My annual trip to Milan for the Salone del Mobile and Fuorisalone exhibitions is undoubtedly the most inspiring week of the year, and this year exceeded expectations! This year's Salone featured Euroluce (lighting), which alternates with Eurocucine (Kitchens), and the centre of Milan (in particular the Brera design district) transforms into a vibrant hub of exhibitions and showroom parties.
After spending three days fully immersed in so much creativity and innovation, I'm glad to be tucked away in my countryside haven on the farm as I now need to rest my brain and absorb all that inspiration. However, before I do, I want to share my trend predictions and some of my highlights from this year's exhibitions.
I'm not a big follower of trends as such, but I do like to see what design characteristics come in and out of fashion, as knowing what doesn't last is a great way of learning about what does last.
This year I would say that in terms of finishes and styles, Terrazzo is still going strong. Arches, circles and domes are very popular trends, as well as colour-blocking of bold colours. Cane and wicker are still trending, and this year there were even signs of bamboo furniture making a come-back.
However, the underlying theme of many designs, I'm happy to report, was a strong focus on sustainable and recycled materials. Recycled glass tiles, lighting made from plastic collected from the ocean, and linoleum flooring made in a circular economy were some of my favourites eco-conscious products.
Via Solferino, 11 - The Salvatori Showroom in the Brera design district was a stunning spectacle of stone - from fluted to herringbone and from Carrara to Nero Marquina, beautiful interpretations of stone featured as a reminder of how versatile and beautiful natural stone really is.
Euroluce, Salone del Mobile - The Sans Souci stand is always a highlight for me - I'd love to work on a hotel (or mansion) so that I could work one of these incredible chandeliers into one of my projects. Lighting as art. What's not to love?
Euroluce, Salone del Mobile - Spanish family-run company United Alabaster was amazing to see - natural Alabaster stone fashioned into the most incredible translucent lighting, like little floating moons. More proof that you can't beat the beauty of nature.
Euroluce, Salone del Mobile - Another great find at Euroluce, these lamps are made from real wood veneer. I loved the simplicity of the table and pendant lights and the soft glow that the veneer emits. LZF are also known for making some amazing super-sized lamps, such as a Koi carp shaped suspension light (and a big bird, as featured on this year's stand - unfortunately I didn't get a good photo of it).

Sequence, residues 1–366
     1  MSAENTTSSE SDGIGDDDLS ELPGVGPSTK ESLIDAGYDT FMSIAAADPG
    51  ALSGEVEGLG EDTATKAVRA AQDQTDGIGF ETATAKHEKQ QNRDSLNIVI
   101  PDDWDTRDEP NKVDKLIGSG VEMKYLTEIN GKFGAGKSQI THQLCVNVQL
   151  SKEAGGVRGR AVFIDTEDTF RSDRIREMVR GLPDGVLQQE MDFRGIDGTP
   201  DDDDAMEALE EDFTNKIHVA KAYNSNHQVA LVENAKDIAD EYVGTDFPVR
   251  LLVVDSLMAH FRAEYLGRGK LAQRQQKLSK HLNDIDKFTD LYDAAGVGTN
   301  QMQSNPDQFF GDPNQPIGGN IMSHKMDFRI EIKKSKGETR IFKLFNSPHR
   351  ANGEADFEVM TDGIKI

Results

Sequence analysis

Hall 24, Salone del Mobile - One of my absolute favourite finds this year was Atelier Virkant's clay products. From an incredible black bath, to planters in various shapes and sizes, from plain to textured and matt to gloss, the options are endless with what can be done using yet another natural material.
Hall 24, Salone del Mobile - Walking the fine line between art and furniture, the creations from Imperfetto Lab are all beautiful to look at. Natural and organic shapes and textures like lava and bark skilfully crafted into chairs and works of art - this one was really special for me.
Corso Garibaldi, 2 - I'm not a fan of queuing to see anything but this was SO worth the 1hr+ wait! This whole house was artfully coated in a kaleidoscope of butterflies, as well as a beautiful table formation of silhouetted trees and human forms. This was a real show stopping, immersive experience that has really stayed with me.
Via Alessandro Manzoni, 5 - Tom Dixon opened his new restaurant, the Manzoni, during design week in Milan. While we explored and admired the interiors of this innovative fine-dining, the man himself sat at one of the tables, and diners enjoyed a feast of black bread and various delicious-looking dishes served in organically shaped bowls. More natural materials featured as well in the way of a huge cork table and natural, uncut stone countertops.
Tarkett by Note Design Studio
Via Clerici, 10 - These geometric pillars were designed by Stockholm-based design studio Note Design Studio in collaboration with flooring company Tarkett, using their innovative eco-conscious IQ Surface range of linoleum flooring. Currently made out of 25% recycled materials, the future plan is to deliver a closed-loop system, or circular-economy. This terrazzo-effect material can be used as flooring or cut and wrapped to cover furniture.
That's it for my Milan Design Week 2019 highlights!